New York — New construction starts in October climbed 21 percent to a seasonally adjusted annual rate of $864.0 billion, according to Dodge Data & Analytics. The substantial increase followed three straight months of decline, during which the pace of total construction starts fell 22 percent from the exceptionally strong volume reported back in June.
Nonresidential building in October surged 53 percent, as several very large projects lifted the manufacturing plant, office building, and transportation terminal categories. Nonbuilding construction in October advanced 14 percent, supported by growth for public works while the electric utility/gas plant category bounced back from depressed activity in September. Residential building in October edged up a slight 2 percent, helped by improvement for multifamily housing.
During the first 10 months of 2018, total construction starts on an unadjusted basis were $679.1 billion, up 1 percent from the same period a year ago. The year-to-date gain for total construction starts was restrained by a 45 percent slide for the electric utility/gas plant category. If the electric utility/gas plant category is excluded, total construction starts during the first 10 months of 2018 would be up 3 percent relative to the same period a year ago.
October’s data raised the Dodge Index to 183 (2000=100), up from September’s 150, marking the second highest reading for the Dodge Index so far in 2018 after June’s 192. Through the first 10 months of 2018, the Dodge Index averaged 169, up slightly from the full year 2017 average of 166.
“During 2018, the presence of very large projects in a given month has played a considerable role in shaping the monthly pattern of activity, and in October it was nonresidential building that especially benefitted from the start of very large projects,” stated Robert A. Murray, chief economist for Dodge Data & Analytics. “These included a $2.4 billion petrochemical plant in Texas, the $1.4 billion Terminal One building at Newark Liberty International Airport, the $860 million expansion to the Las Vegas Convention Center, a $750 million Facebook data center in Utah, and a $655 million concourse expansion at Denver International Airport that’s part of that facility’s extensive upgrade. Earlier, decreasing construction starts for nonresidential building during this year’s third quarter raised some concern, suggesting that this sector may have already peaked and is now in decline. The strong October performance indicates that nonresidential building construction starts continue to proceed at an elevated pace, at least for the present.”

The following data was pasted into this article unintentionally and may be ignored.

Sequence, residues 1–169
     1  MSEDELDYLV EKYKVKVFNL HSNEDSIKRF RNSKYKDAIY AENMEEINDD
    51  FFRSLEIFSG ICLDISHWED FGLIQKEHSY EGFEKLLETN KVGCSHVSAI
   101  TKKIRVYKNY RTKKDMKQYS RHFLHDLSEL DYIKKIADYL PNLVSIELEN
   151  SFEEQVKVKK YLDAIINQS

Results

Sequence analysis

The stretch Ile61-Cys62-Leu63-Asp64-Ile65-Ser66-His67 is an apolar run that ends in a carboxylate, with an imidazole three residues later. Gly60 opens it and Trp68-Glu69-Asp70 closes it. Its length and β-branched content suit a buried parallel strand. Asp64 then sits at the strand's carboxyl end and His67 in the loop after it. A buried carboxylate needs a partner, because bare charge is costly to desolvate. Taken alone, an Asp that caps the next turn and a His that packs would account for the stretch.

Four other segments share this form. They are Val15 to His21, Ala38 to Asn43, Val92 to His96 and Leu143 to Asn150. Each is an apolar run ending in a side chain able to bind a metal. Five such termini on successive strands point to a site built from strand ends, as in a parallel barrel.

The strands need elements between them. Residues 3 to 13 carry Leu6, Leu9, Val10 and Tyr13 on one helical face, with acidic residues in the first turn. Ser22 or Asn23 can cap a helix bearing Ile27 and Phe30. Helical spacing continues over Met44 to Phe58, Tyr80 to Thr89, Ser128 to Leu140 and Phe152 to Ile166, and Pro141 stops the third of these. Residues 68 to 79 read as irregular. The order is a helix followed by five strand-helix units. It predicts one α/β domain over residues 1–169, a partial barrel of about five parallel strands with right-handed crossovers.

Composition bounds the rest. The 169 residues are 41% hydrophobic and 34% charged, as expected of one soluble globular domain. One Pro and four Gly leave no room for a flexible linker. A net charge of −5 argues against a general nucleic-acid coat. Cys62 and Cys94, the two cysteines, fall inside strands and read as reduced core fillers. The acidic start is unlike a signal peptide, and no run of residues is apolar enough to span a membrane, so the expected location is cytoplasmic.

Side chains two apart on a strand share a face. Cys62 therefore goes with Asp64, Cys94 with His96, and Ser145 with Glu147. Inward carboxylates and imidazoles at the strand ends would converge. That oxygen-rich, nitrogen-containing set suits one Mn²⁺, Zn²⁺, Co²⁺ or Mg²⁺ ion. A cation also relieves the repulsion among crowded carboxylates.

Murray continued, “The current year has also witnessed moderate growth for public works construction, helped by the greater federal funding for fiscal 2018 passed by Congress back in March as part of the omnibus appropriations legislation. For fiscal 2019 which began on October 1, the federal-aid highway program and EPA construction-related programs are operating under a continuing resolution through December 7, waiting for Congress to finalize spending levels. As for residential building, multifamily housing has shown renewed expansion this year after settling back in 2017, yet a more cautious lending stance by banks towards multifamily development may dampen multifamily construction starts next year.”
Nonresidential building in October was $358.3 billion (annual rate), up 53 percent from September’s lackluster amount. After registering heightened activity in June, led by the start of a $6.5 billion uranium processing plant in Oak Ridge ,Tenn., and the $1.8 billion Spiral office tower in New York, nonresidential building retreated for three consecutive months before October’s upturn. Manufacturing plant construction in October jumped 189 percent, boosted by the start of a $2.4 billion propylene oxide and tertiary butyl alcohol plant in Channelview, Texas, and a $1.6 billion natural gas processing plant in Douglas, Wyo. Additional manufacturing plant projects included as October starts were a $400 million wood products plant in Lexington, N..C, a $400 million natural gas processing plant in Watford City, N.D., and a $320 million biofuel refinery in Lakeview, Ore.